“It’s like the maintenance of a family home multiplied many times,” Mazzi said. “We have roofs to take care of, concrete and blacktop to maintain, HVAC systems. When we had budget problems a lot of that was let go; there were some things that deteriorated. Now we’re working to get back on track.
“Then you throw in that we have to mow our grounds in the summertime and plow our roads and parking lots in the winter — it’s like running a big business,” Mazzi continued. “Like any business with real estate assets we have to stay on top of a reasonable maintenance schedule or things deteriorate and cost more to replace or repair in the long run; and that’s part of being fiscally responsible after everything we’ve been through.”
District Director of Academic Achievement Angie Pollock is focused more on how finances impact academics. She said that even though the Ohio Department of Education will not release state report cards until late August, preliminary scores from the ODE show improvements over last year’s performance.
But the playing field is changing, Pollock said, with new math and English language arts standards common between the states, but coming down from the national level; while the other two standards — science and social studies — are transitioning into what are called Revised Ohio Academic Content Standards. The district is in the middle of a four-year transition to the new standards.
As the district transitions to the new standards, technology is also being upgraded. Pollock said the district wants students to become more proficient with the technologies they will need for online assessments that will soon be in place, and as their education continues at the college level and in the workforce.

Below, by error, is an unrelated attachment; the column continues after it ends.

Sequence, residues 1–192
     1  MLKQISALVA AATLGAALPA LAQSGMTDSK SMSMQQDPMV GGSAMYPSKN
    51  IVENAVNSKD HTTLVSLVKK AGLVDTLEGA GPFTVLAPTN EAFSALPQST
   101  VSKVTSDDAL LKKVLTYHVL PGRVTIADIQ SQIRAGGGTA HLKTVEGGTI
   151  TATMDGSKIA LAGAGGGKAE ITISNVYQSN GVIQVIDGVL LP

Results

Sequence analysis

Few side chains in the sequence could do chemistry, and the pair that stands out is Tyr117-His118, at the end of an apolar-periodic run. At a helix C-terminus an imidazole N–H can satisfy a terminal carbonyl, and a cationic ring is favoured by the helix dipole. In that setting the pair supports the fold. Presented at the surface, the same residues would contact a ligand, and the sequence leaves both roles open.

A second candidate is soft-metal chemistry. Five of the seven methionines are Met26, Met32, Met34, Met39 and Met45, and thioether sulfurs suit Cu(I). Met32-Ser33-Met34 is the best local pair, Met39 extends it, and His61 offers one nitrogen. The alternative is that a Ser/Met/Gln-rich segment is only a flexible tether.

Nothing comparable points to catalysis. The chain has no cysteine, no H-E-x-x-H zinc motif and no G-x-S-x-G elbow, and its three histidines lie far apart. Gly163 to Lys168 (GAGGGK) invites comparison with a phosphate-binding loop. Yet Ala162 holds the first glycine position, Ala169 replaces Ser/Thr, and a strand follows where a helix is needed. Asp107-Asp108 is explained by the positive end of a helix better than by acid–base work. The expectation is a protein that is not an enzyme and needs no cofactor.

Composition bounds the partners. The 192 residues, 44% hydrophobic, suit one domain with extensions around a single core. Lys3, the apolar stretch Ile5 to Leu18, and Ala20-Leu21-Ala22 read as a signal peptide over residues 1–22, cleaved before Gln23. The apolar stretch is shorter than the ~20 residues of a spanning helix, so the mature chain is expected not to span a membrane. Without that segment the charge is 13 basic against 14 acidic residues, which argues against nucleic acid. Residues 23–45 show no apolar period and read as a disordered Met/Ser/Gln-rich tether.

“Technology has been upgraded district-wide, and we’ve added technology for students to use in all buildings,’ Pollock said. “We’re moving toward online assessments, so we’ve really tried to focus on technology being in students hands – more smart boards, tablet labs, WiFi in each building and cloud-based content so we can move towards the Bring Your Own Device concept.
“We’ve been able to use some of our bond money to purchase new literacy materials — reading and writing textbooks with student editions online so students will be able to access textbook material online from their home computers,” Pollock continued. “Our teachers had six different literacy days of training over the summer, so they’ll be very well prepared for the new textbooks and technology; and we’ll have additional technology sessions for teachers to integrate more appropriate use of technology into their teaching.”
Mazzi said technology purchases are another area where the district balances student need with fiscal responsibility.
“We’re keeping pace so our students have the technology in their hands to make them successful when they go on to the next stage of their education or out into the workforce,” Mazzi said. “But every decision we make we ask ourselves: Is this the fiscally responsible thing to do? We ask ourselves what can we do now, and what can’t we do, and what do we have to put off to do in the future. And while we’re answering all of those questions we keep our levy promise — to make the levy last five years — out in front.”